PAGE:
Decisions made at the farm and processing level make a difference.When discussing going green, I am not referring to pasture-based dairies or profit. Rather, I'm looking at the processing side of producing and distributing milk. Recently, a friend mentioned she purchased milk in bags. An interesting concept, but I have always preferred to purchase my milk in a carton or jug. But, I finally decided to purchase this bagged milk.
The half-gallon bags are in milk crates in the dairy case. And just to the right of these is the same milk packaged in plastic jugs. The biggest difference I noticed was the price: $1.64 for the half-gallon bagged milk, and $2.09 for the plastic half-gallon jug. Same processor, same volume of milk, but nearly a 50 cent price swing!
But, how was I going to pour milk from a plastic bag? Plastic pitchers hung on a rack next to the dairy cooler for those who did not already have this reusable pitcher. Grab a free pitcher, toss the bag of milk in a plastic bag for easier transport, and I was set.
When I got home, I read the bag's details. Using the milk bag reduces the volume in landfills by 95 percent over other containers. There is also a reduction of 75% in package weight with the bags. So, while the bag may look a bit odd in my refrigerator, it is the same top quality milk, at a reduced price, and is environmentally-friendly. And, the company offers a 5 cent Milk Moola donation to local schools with each bag purchased.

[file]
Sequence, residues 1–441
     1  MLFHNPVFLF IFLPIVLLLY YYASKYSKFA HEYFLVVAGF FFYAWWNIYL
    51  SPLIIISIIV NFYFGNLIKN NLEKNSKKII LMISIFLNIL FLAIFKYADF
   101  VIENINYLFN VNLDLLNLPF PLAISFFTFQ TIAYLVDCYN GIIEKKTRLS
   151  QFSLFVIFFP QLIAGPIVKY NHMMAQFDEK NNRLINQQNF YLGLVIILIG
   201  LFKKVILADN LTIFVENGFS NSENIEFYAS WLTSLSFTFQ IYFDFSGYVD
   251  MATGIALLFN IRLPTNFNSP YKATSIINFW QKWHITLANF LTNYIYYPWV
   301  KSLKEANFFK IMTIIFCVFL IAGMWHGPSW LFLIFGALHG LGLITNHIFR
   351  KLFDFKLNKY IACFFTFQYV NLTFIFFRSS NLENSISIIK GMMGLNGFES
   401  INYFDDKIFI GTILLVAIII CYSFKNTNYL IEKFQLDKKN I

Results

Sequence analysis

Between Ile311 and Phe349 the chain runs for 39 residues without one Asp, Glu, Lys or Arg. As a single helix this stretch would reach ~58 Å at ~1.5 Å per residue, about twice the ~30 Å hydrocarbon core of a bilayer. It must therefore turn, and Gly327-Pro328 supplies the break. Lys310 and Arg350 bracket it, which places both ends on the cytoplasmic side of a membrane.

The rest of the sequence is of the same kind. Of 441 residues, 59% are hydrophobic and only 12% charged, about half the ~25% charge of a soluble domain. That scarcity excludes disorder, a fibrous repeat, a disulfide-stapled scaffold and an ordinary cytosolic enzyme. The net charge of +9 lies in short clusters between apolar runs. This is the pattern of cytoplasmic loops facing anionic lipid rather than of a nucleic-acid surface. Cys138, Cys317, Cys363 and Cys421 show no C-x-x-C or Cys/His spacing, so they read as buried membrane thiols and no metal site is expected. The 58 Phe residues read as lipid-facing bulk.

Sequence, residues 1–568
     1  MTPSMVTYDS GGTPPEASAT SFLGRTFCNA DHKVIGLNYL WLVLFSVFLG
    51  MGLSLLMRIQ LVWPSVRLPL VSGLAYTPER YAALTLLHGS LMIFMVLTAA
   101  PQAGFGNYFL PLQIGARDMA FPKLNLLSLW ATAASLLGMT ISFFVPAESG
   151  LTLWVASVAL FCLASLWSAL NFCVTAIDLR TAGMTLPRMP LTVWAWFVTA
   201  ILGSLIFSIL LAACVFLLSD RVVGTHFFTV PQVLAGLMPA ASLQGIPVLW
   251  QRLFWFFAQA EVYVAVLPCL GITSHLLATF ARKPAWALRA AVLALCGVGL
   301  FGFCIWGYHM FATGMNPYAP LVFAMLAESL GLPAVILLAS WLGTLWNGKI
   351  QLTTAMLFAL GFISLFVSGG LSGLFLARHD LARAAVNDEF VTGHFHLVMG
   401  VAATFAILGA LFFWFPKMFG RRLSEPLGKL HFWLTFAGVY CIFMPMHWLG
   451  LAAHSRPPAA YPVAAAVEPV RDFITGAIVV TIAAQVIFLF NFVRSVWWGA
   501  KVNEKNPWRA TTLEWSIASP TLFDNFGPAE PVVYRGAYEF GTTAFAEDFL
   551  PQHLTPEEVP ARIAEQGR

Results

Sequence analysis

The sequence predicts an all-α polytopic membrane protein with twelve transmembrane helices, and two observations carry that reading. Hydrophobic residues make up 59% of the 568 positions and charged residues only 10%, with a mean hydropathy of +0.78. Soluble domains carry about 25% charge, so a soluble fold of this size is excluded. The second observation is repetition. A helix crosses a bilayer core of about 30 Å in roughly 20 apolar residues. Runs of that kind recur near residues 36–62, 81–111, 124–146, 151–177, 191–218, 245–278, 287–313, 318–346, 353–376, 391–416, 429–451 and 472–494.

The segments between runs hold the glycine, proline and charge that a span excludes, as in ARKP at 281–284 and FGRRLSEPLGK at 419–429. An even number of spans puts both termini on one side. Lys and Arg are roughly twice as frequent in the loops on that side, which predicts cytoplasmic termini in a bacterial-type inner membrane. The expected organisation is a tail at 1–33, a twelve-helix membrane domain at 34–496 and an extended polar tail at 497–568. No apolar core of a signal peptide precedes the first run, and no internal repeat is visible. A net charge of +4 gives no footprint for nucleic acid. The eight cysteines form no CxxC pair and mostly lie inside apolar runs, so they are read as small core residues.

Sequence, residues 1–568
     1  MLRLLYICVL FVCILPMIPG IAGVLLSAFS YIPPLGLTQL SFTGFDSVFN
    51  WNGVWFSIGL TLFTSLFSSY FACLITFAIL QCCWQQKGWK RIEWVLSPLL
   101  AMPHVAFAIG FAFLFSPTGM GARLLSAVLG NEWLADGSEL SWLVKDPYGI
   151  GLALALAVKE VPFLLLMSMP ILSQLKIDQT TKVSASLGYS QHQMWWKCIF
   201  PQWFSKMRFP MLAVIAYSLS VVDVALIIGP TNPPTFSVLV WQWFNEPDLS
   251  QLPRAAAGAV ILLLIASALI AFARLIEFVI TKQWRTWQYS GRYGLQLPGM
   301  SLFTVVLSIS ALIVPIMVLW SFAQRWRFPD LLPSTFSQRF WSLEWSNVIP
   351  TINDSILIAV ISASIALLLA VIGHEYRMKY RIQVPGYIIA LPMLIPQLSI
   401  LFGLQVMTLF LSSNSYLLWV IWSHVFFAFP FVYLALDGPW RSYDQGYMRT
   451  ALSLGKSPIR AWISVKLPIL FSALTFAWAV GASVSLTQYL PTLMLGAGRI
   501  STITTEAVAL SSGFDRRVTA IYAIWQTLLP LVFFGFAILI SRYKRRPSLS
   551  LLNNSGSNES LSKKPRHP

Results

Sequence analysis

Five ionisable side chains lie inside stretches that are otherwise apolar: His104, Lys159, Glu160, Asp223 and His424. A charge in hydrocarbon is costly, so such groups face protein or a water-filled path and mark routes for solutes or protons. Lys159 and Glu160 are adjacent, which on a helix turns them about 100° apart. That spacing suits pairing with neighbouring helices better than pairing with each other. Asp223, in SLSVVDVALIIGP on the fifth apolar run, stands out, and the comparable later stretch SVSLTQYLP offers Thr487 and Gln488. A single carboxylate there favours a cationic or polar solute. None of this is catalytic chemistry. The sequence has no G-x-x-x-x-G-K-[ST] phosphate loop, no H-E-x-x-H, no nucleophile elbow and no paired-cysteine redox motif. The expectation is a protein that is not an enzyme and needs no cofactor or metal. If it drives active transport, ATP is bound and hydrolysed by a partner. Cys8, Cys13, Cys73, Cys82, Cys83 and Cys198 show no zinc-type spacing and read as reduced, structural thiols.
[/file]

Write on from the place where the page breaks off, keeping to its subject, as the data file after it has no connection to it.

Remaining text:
If the producer and processor each make a commitment to reduce the environmental impact, then the dairy industry is doing its share to promote a greener, healthier planet.
On the producer side, our first 2012 webinar, "Milk's shrinking carbon footprint" shared details about how producers can reduce carbon footprint at the feeding level. Yesterday's webinar will be archived for viewing this week at www.hoards.com/webinars.